Now of course I did not run screaming from the room every time I saw food. Nope, because I didn’t want people to know I was crazy. So I hid it. What that looked like is me on a daily basis was walking around with a huge amount of stress hormones rushing around my body. Especially around mealtimes I was tense, irritable. I was ghastly to be with because all my energy was being focused on the simple act of pretending that I was normal when the sirens were constantly going off inside of me.

Guess what. That is utterly exhausting.

When I had an eating disorder I was working all out just to hold my shit together. Ha, and people wondered why I didn’t seem as fun and carefree as I had been before. I was permanently on edge, and my body didn’t know what to do with all the stress hormones constantly being released. I think part of this is what led me to running and exercise in the first place, to run off the stress, but after a while that outlet was converted into another way for Anorexia to express itself.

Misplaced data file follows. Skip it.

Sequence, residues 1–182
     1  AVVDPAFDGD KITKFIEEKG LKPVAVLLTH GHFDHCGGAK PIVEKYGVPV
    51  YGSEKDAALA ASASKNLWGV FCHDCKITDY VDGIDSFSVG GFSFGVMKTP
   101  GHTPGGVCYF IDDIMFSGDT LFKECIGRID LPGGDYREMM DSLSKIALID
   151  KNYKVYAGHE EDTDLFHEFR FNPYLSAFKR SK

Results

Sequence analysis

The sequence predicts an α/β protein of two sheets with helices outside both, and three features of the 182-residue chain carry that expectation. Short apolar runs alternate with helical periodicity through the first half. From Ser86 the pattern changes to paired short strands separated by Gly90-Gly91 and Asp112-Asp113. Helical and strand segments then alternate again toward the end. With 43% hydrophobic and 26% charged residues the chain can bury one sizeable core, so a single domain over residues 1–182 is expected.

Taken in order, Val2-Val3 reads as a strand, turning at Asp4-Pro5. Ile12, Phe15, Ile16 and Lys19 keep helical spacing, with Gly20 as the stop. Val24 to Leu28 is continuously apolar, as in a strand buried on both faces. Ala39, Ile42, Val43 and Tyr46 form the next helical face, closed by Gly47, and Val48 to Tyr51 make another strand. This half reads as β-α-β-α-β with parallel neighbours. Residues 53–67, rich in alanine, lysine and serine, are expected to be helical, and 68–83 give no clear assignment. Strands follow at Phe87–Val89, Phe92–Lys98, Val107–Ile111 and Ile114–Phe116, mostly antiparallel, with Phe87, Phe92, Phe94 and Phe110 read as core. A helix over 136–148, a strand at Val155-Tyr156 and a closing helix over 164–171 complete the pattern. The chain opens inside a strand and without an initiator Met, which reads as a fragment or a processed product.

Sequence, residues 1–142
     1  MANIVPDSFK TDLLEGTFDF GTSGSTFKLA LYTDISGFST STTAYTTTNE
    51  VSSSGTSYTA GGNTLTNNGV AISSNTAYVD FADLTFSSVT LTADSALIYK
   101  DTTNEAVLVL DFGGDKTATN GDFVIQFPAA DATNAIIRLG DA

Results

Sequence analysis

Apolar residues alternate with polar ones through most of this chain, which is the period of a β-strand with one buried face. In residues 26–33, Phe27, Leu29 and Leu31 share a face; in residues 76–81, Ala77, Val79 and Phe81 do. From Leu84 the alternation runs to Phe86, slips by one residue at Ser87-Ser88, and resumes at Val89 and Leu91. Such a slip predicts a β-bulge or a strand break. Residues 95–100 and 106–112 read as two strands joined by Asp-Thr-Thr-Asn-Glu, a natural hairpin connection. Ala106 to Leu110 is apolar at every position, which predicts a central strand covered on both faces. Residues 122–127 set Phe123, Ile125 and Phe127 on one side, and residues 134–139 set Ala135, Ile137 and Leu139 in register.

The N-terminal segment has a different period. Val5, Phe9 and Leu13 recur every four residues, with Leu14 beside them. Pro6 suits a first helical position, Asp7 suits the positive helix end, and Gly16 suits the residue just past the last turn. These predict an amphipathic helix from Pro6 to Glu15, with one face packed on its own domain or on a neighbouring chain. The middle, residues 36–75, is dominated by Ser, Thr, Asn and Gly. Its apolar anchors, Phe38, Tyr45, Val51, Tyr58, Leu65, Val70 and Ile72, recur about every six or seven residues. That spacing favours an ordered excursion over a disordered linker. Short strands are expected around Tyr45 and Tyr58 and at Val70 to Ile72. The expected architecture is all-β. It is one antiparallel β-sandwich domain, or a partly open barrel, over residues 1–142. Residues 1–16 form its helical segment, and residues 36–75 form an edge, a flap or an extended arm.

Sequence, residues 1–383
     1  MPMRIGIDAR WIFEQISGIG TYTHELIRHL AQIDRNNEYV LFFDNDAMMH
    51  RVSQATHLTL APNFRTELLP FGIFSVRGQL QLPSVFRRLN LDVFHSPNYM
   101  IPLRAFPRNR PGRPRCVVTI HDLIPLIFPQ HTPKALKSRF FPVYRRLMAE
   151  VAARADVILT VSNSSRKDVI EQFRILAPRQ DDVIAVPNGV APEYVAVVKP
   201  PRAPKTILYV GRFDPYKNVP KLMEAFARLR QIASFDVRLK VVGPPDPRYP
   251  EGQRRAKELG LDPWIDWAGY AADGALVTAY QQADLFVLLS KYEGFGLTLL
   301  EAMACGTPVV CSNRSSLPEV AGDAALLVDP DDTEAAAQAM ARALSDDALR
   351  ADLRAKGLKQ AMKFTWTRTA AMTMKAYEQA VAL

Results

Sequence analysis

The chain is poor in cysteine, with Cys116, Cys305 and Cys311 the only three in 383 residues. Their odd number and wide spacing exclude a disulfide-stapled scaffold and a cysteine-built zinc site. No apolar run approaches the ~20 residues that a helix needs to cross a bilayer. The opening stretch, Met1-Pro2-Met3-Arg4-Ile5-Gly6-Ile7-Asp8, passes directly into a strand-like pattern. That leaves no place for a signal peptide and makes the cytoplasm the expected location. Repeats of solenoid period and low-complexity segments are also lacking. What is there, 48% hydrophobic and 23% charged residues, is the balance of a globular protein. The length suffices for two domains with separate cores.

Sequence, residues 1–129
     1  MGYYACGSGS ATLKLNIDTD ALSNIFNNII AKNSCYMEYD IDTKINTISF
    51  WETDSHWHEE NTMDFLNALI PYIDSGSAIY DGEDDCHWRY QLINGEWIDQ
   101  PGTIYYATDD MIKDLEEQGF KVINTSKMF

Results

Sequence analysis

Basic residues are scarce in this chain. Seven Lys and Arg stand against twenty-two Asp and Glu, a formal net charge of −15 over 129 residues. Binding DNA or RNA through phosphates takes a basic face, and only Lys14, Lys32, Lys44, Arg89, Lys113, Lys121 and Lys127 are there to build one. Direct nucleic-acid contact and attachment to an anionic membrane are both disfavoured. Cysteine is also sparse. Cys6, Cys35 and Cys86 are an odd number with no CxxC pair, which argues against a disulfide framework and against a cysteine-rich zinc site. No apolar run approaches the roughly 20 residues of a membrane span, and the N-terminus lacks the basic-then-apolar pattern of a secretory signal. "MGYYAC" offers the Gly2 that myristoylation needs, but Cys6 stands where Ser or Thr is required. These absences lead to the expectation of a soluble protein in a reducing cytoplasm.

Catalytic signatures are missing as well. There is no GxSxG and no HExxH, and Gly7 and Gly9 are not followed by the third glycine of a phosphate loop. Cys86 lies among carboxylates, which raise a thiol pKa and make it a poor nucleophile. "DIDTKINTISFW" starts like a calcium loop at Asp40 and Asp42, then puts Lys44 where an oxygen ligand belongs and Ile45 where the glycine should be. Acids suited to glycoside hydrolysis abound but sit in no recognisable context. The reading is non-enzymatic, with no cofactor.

So how did I overcome this?

Once I was far enough into recovery to identify that my Anorexia was not me, I was able to also identify the situations and circumstances where I was the least like myself: mealtimes. I analyzed my thoughts and behaviors at mealtimes to see if I could work out what was going on. Initially, I struggled to articulate what I was feeling, but I began to understand that it was fear, panic and stress. This is all fight or flight reaction stuff, so I began to research the processes behind this in order to possibly understand why I was getting this reaction to such a non-harmful stimuli such as food.

I knew it was not rational to feel fight-or-flight reaction towards food. What I learned was that the amygdala in your brain initiates this reaction, and the amygdala doesn’t give a shit about being rational. The amygdala only cares about avoiding whatever it is it is identifying as a danger. That’s how humans survive. Fear is a really important reaction to danger because is motivates us to remove ourselves from the path of danger — and fast. The whole point is that the amygdala reacts really fast, a reflex, as standing and thinking too long when there is something dangerous in front of you might get you killed — at least in evolutionary terms it would have.

But why oh why had my amygdala started to react to food as if it were a dangerous stimuli?

I don’t know now and I didn’t know then. All I know is that is how Anorexia corrupted that part of my brain. All I knew then was that I had to work out how to override this reaction if I was to have any hope of a normal life.